Were you aware that in some ways hormones and anxiety are linked, such that the hormones might have a relationship to how anxious you feel?
This will affect neurotransmitters when the hormone levels are too high or too low, resulting in issues such as elevated anxiety. People dealing with a social anxiety disorder (SAD) may notice that hormone levels are correlated with feelings of increased or reduced social anxiety.
Hormones That May Increase Social Anxiety
There are three hormone types that can trigger your social anxiety: stress hormones, sex hormones, and thyroid hormones. Knowing more about how these hormones affect your body and mind is the first step in controlling the hormone's impact on your anxiety.
Stress hormones are released in conditions where you experience extreme distress, feel unsafe, out of control, or exhausted. Your body reacts when you encounter a difficult social or performance situation by releasing hormones such as adrenaline and cortisol to help you deal with the danger and brace for action.
Faced with no real physical hazard, however, the high levels of these hormones leave you feeling nervous and influencing the body in different ways. This becomes a vicious cycle: the hormones are triggering anxiety, the fear is causing the release of more hormones, and so on.
Even sex hormones can play a part in how much distress you experience. Changing levels of estrogen and testosterone sex hormones will affect your social anxiety. Some studies attribute too little testosterone to elevated anxiety although low levels of female sex hormones such as estrogen can also be correlated with symptoms of anxiety.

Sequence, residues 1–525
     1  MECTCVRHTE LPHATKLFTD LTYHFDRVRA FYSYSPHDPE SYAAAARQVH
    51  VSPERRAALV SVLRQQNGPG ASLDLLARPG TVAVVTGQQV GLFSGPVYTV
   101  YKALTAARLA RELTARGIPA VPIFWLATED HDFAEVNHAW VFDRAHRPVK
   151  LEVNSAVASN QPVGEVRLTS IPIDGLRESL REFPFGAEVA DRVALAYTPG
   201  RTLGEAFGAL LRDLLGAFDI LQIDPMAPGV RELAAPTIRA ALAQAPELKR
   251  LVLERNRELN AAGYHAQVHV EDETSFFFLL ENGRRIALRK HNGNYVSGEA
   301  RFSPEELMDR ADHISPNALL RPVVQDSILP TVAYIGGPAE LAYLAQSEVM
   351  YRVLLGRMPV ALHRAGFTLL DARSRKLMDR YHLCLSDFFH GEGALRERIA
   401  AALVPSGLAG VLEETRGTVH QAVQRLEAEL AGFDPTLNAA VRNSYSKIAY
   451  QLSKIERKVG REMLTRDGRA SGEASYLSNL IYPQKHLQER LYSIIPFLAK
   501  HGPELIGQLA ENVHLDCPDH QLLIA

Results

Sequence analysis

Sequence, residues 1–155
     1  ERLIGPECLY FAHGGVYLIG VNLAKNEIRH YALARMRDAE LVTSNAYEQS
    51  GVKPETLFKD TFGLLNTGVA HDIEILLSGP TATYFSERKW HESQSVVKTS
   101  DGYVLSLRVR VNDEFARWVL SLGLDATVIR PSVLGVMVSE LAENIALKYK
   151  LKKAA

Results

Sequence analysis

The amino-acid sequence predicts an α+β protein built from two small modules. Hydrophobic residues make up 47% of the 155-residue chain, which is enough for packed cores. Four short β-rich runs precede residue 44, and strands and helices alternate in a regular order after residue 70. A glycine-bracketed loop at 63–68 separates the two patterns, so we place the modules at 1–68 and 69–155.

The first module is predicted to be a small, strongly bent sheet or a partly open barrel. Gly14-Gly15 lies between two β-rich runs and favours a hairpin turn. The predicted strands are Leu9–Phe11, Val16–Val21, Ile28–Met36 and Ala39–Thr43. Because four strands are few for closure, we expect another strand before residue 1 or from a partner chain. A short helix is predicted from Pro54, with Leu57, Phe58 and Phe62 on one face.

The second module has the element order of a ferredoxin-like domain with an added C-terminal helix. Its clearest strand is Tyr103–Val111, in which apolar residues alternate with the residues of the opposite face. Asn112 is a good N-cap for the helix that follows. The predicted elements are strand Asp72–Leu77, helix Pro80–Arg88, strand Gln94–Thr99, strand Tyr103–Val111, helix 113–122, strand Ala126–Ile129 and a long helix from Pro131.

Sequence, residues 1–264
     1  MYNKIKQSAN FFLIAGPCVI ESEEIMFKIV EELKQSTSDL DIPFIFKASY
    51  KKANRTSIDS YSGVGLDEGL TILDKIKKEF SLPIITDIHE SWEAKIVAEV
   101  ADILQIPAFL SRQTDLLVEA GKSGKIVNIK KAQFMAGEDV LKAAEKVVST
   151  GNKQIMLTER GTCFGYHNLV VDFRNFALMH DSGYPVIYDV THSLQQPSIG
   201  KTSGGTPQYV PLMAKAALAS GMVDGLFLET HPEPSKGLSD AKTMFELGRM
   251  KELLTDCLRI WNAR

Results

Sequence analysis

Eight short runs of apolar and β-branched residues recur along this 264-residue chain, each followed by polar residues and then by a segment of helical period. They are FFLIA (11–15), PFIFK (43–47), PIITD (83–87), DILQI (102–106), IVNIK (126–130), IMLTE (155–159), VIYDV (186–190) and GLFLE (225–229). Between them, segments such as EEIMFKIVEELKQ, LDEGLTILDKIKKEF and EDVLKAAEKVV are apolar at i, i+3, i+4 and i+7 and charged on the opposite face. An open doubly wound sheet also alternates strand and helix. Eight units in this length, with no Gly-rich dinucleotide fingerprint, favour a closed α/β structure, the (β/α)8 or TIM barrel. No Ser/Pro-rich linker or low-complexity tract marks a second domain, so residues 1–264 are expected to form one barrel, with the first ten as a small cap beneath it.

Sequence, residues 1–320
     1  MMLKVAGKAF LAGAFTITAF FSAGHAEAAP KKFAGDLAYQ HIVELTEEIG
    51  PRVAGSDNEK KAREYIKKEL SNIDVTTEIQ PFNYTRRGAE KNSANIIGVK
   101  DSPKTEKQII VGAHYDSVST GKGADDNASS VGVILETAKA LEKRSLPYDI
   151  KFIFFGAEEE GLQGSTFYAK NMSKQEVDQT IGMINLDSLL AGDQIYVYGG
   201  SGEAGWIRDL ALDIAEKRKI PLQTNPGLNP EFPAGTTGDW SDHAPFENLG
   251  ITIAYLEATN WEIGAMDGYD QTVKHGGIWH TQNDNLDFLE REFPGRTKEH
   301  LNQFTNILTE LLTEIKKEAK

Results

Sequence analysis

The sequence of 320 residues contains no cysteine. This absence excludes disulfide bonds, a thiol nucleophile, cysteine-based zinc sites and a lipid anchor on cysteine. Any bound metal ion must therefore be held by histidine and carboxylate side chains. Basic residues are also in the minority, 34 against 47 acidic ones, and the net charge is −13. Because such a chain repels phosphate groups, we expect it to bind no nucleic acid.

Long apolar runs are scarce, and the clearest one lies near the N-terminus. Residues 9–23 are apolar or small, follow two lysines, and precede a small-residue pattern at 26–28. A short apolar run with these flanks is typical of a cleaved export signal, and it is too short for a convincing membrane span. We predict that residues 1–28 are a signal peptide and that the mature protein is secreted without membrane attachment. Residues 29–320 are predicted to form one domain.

That may be why anxiety also increases in periods of hormonal change such as during puberty, at certain periods of the menstrual cycle in females, and during menopause.
Stress hormones and sex hormones will also trigger anxiety together. For starters, cortisol rises when you encounter stress, which slows down your body's ability to produce testosterone. You may feel more anxious because of the combined effect of elevated cortisol and reduced testosterone.
If that's not bad enough, testosterone has partial control over the release of cortisol, meaning cortisol is more likely to rise when testosterone is lowered. You can see that anxiety is a mechanism the reinforces itself - and the trick to managing the problems is to break the loop.
Lastly there is a third type of hormone that may affect the anxiety: thyroid hormones. An overactive thyroid may cause anxiety in the form of physical symptoms such as elevated heart rate, palpitations, shakiness, and increased sweating. This can make your social anxiety worse if you live with a thyroid disorder.